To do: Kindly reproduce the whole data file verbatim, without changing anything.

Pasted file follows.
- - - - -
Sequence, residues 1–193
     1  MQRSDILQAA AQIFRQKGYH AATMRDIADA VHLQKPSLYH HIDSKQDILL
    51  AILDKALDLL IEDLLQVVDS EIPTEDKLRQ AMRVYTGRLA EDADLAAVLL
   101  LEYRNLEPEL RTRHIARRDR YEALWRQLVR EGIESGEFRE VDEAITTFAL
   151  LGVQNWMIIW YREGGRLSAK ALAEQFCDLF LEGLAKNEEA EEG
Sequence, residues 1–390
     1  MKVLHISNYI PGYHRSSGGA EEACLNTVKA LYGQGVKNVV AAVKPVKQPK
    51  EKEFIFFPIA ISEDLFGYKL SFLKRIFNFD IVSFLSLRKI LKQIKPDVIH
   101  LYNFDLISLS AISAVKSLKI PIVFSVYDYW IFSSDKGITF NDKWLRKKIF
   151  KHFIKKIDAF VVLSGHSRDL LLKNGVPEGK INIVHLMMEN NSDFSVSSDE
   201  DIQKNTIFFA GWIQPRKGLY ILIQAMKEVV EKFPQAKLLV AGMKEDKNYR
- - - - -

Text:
Sequence, residues 1–193
     1  MQRSDILQAA AQIFRQKGYH AATMRDIADA VHLQKPSLYH HIDSKQDILL
    51  AILDKALDLL IEDLLQVVDS EIPTEDKLRQ AMRVYTGRLA EDADLAAVLL
   101  LEYRNLEPEL RTRHIARRDR YEALWRQLVR EGIESGEFRE VDEAITTFAL
   151  LGVQNWMIIW YREGGRLSAK ALAEQFCDLF LEGLAKNEEA EEG
Sequence, residues 1–390
     1  MKVLHISNYI PGYHRSSGGA EEACLNTVKA LYGQGVKNVV AAVKPVKQPK
    51  EKEFIFFPIA ISEDLFGYKL SFLKRIFNFD IVSFLSLRKI LKQIKPDVIH
   101  LYNFDLISLS AISAVKSLKI PIVFSVYDYW IFSSDKGITF NDKWLRKKIF
   151  KHFIKKIDAF VVLSGHSRDL LLKNGVPEGK INIVHLMMEN NSDFSVSSDE
   201  DIQKNTIFFA GWIQPRKGLY ILIQAMKEVV EKFPQAKLLV AGMKEDKNYR